Tag Archive for YA Book Reviews

alchemys-daughter-by-mary-a-osborne

Alchemy’s Daughter by Mary A. Osborne

Finally, this award-winning novel speaks to the experience of loss and grief in a way that will resonate with both teen and adult readers, even ones like myself, who typically shy away from this historical period. It reminds us that we can wallow in the darkness of despair when we lose the one we love or when someone we know dies, but when we’re able to find a way to move forward authentically, there will be something beautiful around the corner, even if it is only our own, personal growth.

For these reasons and many more than I can delineate in this review, Alchemy’s Daughter is one that will continue to resonate with me for a long time coming just like the earlier book in the Alchemy Series. Read more →

whatever-life-throws-at-you-by-julie-cross

Whatever Life Throws At You by Julie Cross

From strong parental figures and a believable exploration of major league sports to a steamy romance, Whatever Life Throws At You won’t make you turn pages as quickly as Brody’s fast ball or Annie’s mile or two mile runs, but it’ll be pretty close. Add in the tension-filled plot twists included in the novel, and you’ll have a really good story featuring a diverse and intersectional love interest. Read more →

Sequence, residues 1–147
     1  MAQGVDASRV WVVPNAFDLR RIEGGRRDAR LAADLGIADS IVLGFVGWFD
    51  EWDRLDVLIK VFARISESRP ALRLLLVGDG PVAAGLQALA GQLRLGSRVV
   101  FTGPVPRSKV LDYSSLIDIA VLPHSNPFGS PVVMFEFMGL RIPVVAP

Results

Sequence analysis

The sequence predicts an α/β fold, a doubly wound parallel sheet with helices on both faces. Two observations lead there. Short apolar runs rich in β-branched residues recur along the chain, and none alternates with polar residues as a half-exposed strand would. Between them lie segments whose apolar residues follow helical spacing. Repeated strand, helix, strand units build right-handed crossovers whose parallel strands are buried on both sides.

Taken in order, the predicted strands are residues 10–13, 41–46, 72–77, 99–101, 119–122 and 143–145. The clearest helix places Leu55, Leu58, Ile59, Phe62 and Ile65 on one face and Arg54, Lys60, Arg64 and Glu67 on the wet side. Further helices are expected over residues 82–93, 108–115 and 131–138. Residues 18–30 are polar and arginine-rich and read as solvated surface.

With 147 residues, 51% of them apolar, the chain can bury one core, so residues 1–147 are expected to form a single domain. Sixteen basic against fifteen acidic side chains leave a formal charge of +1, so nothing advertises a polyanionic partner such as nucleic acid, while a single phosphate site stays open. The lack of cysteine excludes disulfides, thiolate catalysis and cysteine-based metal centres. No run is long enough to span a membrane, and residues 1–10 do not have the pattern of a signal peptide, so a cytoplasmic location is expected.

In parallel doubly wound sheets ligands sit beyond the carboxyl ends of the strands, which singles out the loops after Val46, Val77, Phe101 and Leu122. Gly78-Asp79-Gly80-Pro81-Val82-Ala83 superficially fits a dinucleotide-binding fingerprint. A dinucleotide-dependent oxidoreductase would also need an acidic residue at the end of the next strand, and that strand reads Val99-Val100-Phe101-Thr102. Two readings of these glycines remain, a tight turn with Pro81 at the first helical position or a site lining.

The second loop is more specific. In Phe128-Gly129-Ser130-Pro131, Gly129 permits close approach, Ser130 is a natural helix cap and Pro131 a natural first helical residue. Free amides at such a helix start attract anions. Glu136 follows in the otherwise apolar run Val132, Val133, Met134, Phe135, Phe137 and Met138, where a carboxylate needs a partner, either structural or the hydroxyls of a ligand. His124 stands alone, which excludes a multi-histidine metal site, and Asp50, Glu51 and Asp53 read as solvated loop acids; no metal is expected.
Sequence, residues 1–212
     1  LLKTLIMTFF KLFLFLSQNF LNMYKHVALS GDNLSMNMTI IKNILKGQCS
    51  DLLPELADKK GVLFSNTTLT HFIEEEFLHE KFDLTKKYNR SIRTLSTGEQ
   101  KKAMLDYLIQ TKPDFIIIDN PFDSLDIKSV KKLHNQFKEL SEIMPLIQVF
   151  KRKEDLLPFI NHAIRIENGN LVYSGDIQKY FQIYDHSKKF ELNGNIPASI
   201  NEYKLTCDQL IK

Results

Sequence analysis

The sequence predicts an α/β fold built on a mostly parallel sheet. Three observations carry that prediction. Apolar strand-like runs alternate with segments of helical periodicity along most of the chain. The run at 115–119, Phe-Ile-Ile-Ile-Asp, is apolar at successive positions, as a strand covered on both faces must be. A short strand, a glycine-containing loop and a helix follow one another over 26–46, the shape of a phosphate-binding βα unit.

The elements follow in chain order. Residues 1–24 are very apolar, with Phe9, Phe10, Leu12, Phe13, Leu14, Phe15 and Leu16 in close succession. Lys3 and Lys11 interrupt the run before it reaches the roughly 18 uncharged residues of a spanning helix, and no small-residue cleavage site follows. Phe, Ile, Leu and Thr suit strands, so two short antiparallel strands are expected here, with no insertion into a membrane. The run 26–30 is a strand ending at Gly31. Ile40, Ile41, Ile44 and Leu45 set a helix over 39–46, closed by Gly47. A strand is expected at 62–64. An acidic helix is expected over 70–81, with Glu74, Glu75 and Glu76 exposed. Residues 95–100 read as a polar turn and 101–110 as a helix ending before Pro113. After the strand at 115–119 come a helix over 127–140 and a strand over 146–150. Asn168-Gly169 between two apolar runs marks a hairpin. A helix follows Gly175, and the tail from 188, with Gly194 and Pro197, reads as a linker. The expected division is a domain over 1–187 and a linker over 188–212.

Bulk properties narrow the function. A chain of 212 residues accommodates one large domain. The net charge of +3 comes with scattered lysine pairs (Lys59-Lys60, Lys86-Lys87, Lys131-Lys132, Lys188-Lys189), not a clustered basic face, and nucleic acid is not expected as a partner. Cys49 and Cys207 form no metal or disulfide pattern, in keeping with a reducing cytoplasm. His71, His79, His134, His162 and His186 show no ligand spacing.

suicide-notes-from-beautiful-girls

Suicide Notes From Beautiful Girls by Lynn Weingarten

I thought Suicide Notes From Beautiful Girls would be a story about friendship and the grief that only the tragic loss of a young person to suicide can evoke, but it really isn’t a tearjerker. Instead, readers of this dark, atmospheric novel should get ready for a page turner with an ending that you’ll never see coming. Read more →

rose-under-fire-by-elizabeth-wein

Rose Under Fire by Elizabeth Wein

If you still haven’t read Rose Under Fire, then pick it up today. Wein brings back the themes that readers have grown to love about her novel, Code Name Verity, and even gives us glimpses of some of our favorite characters, like Maddie. While the main characters may be fictionalizations, readers of historical fiction, in general, and YA historical novels, in particular, will appreciate the factual truth of everything Wein shares about one of the darkest periods in the 20th century. Read more →